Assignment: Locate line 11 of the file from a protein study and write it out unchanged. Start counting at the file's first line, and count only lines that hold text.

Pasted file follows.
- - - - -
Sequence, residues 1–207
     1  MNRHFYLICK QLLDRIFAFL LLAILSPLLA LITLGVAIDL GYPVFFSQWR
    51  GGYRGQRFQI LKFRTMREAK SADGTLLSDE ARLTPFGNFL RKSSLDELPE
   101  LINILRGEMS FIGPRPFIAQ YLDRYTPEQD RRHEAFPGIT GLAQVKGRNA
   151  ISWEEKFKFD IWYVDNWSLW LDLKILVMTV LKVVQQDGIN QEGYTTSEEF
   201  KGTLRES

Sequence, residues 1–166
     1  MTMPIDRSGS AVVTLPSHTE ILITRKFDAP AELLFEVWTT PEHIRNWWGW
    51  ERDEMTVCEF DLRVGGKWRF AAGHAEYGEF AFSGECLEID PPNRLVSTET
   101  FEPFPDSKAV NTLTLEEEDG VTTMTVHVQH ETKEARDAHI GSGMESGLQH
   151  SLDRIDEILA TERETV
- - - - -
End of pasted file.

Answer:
   151  SLDRIDEILA TERETV